Driveclub remains a fun racer packed full of events, cars and tracks in PlayStation VR with a very generous DLC expansion. It’s just such a shame that one of the console’s best-looking games has suffered such a downgrade from a visual standpoint in order to work with the headset.
If you’re looking for a good racing game to get started in PSVR, this is the best place to start, just don’t expect it to look like the game that arrived in 2014.
Read on below for our original review of Driveclub by Stuart Andrews, which scored 4/5
It’s no secret that DriveClub’s launch was a disaster. Network issues kept paying punters out of the game, the long-promised PlayStation Plus version was put on indefinitely hold, and complaints about draconian penalties for collisions and corner-cutting were both rife and not unfounded. Sony’s flagship racer arrived to a chorus of complaints.
Since launch, however, Sony and Evolution have worked hard to fix the game. Server stability has improved dramatically, patches have dealt with the major gameplay issues, and free DLC packs and updates have added new tracks, new cars, new events and a range of enhancements. The latest updates have bought us two longed-for features – dynamic weather and a photo mode – and resulted in a tangibly better game.
Weather is – quite literally – a game changer. Rain and snow don’t merely look impressive, but transform the way your tyres interact with road surfaces, affective traction and making high-speed cornering a serious challenge. Both also have an impact on visibility, partly because it’s hard to see what’s coming through downpours and snow flurries, but because every camera, from the cockpit view to the chase view, is affected. Thought driving at night on the Norwegian or Scottish tracks was hard? Now try doing it with the visibility halved again.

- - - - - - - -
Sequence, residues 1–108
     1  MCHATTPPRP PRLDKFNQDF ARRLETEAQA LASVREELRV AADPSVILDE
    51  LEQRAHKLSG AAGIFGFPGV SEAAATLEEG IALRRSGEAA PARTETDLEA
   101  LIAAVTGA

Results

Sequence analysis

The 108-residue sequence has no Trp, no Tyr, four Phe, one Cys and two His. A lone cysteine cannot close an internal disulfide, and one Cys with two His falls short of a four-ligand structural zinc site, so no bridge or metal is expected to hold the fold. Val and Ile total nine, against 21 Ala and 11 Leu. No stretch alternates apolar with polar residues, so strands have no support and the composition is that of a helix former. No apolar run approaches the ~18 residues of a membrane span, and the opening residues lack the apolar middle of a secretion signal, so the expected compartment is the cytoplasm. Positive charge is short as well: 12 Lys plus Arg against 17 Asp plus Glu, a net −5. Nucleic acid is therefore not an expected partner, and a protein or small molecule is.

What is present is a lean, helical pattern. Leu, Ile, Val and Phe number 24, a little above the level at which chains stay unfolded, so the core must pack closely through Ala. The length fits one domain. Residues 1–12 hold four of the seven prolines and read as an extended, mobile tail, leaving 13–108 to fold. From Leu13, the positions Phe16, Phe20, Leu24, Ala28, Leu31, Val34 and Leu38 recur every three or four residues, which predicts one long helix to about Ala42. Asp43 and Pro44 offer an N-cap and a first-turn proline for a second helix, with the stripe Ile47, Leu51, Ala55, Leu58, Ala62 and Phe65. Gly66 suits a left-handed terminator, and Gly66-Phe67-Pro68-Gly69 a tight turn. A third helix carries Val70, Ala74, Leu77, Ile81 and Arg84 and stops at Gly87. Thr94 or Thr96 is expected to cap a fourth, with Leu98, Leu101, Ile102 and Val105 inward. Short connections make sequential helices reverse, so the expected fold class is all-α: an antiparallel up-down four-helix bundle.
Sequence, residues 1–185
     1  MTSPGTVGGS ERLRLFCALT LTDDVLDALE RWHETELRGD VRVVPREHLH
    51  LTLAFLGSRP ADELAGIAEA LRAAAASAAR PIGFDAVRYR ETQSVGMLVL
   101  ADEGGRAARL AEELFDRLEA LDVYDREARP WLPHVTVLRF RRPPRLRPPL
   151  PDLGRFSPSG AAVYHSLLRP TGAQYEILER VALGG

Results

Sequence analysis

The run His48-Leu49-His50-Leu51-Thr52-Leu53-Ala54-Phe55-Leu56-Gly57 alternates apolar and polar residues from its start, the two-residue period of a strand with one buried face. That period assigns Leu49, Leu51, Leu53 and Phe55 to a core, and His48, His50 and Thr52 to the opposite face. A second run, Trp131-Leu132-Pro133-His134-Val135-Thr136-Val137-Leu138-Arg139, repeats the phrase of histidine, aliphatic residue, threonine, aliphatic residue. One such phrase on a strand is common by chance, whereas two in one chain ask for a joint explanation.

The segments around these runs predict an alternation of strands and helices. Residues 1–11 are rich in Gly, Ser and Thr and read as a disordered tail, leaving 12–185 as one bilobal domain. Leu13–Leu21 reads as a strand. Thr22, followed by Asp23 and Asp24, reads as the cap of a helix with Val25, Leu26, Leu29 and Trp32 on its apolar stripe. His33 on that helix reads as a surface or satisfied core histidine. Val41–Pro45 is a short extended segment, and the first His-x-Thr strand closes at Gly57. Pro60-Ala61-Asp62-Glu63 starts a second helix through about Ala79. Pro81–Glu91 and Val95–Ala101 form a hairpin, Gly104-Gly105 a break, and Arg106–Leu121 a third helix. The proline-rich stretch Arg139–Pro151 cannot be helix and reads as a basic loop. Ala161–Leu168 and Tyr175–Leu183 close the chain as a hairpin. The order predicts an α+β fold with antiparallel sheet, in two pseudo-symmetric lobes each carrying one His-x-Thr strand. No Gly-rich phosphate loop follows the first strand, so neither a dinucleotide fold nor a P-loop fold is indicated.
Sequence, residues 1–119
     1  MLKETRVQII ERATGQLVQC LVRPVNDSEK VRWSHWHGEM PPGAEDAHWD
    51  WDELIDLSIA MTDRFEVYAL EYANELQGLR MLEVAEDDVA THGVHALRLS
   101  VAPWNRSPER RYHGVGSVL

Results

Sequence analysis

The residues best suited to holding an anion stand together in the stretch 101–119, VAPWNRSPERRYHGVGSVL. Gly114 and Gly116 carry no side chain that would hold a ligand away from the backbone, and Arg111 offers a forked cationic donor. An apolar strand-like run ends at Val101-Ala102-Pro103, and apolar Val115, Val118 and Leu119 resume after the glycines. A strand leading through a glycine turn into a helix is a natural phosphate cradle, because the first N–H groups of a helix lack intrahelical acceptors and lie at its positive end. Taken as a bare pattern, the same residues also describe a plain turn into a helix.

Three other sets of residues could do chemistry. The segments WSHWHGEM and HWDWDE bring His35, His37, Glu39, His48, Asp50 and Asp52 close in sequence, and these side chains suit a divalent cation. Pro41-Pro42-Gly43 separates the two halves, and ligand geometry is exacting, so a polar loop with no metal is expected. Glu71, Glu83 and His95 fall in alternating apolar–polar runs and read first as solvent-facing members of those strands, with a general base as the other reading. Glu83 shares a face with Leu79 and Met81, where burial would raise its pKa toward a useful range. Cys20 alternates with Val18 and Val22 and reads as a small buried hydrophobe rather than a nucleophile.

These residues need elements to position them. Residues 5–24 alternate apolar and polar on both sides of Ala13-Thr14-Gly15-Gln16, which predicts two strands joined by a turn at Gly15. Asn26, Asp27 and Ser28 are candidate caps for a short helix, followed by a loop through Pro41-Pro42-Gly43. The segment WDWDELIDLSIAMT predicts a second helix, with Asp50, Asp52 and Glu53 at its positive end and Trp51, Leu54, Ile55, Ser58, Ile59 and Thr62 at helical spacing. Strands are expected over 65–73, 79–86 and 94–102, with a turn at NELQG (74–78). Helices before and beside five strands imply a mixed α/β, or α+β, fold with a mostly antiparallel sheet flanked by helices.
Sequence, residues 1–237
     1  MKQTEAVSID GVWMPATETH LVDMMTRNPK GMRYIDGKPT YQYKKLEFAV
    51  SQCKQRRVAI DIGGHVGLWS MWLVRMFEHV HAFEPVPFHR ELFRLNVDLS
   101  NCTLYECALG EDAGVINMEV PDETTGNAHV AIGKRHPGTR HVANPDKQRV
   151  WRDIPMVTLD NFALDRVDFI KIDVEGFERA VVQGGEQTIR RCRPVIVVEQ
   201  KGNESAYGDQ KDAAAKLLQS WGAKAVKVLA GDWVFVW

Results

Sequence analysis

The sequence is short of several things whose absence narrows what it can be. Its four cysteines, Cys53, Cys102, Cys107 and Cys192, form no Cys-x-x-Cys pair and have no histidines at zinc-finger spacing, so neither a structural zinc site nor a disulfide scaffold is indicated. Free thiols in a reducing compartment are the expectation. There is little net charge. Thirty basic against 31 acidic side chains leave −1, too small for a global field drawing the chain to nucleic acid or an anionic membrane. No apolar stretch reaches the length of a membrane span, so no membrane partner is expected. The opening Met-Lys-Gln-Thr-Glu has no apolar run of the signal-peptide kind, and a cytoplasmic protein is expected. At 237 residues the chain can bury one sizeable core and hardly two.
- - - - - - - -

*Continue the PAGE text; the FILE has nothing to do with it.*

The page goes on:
The rain and snow effects also give DriveClub’s visuals a drama they might previously have lacked. DriveClub actually simulates the water droplet by droplet, so that light bounces off them authentically, and so that they behave pretty much like you’d expect them to behave in real life. Droplets streak across the windscreen from the effects of airflow and the windscreen wipers. The snow flies towards the windscreen, but also drifts in direction of the wind. Driveclub’s weather effects set a new benchmark for racing games. They make an already good-looking game look great.
See also: Best racing games 2014
It’s still not a flawless experience. For all the astonishing detail in the cars and the environments, there’s still something oddly sterile about the world you race through; something that makes it look and feel more like a film set than a living landscape. You can see the waves ripple on a lake or fjord and watch the trees wave a bit too gently in the breeze, but something doesn’t quite cohere. Yet when you’re racing through the tea-fields of India or tackling sweeping curves down the side of an ice-clad mountain, DriveClub can and does look breathtaking. Throw in rain and the odd flash of lightning, and it’s in touching distance of becoming as impressive as Sony always claimed it would be.